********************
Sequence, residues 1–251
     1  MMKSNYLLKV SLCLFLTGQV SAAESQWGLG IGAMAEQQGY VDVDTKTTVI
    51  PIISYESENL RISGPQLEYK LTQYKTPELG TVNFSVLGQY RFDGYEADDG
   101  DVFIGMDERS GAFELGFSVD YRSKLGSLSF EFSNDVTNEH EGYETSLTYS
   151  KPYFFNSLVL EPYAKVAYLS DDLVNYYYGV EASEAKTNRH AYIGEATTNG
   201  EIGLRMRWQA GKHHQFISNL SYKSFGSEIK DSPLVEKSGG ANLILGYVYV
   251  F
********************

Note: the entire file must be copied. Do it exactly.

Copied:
Sequence, residues 1–251
     1  MMKSNYLLKV SLCLFLTGQV SAAESQWGLG IGAMAEQQGY VDVDTKTTVI
    51  PIISYESENL RISGPQLEYK LTQYKTPELG TVNFSVLGQY RFDGYEADDG
   101  DVFIGMDERS GAFELGFSVD YRSKLGSLSF EFSNDVTNEH EGYETSLTYS
   151  KPYFFNSLVL EPYAKVAYLS DDLVNYYYGV EASEAKTNRH AYIGEATTNG
   201  EIGLRMRWQA GKHHQFISNL SYKSFGSEIK DSPLVEKSGG ANLILGYVYV
   251  F